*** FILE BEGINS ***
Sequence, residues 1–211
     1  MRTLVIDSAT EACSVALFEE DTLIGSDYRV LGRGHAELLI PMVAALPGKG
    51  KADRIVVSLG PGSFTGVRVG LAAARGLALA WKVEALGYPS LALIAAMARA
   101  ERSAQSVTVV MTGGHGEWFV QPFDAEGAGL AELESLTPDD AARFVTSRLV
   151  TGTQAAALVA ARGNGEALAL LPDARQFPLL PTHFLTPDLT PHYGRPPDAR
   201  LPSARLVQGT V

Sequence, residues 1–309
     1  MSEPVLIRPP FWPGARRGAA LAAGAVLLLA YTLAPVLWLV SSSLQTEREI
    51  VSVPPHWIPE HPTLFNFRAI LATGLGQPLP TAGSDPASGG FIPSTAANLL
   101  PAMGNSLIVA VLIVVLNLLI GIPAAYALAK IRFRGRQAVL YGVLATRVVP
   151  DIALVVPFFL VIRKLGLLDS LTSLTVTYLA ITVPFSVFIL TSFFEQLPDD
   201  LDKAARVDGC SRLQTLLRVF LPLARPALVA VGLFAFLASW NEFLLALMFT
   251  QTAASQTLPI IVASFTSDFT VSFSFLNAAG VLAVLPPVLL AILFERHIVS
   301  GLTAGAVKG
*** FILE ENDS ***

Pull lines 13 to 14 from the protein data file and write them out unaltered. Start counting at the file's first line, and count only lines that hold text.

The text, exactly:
   251  QTAASQTLPI IVASFTSDFT VSFSFLNAAG VLAVLPPVLL AILFERHIVS
   301  GLTAGAVKG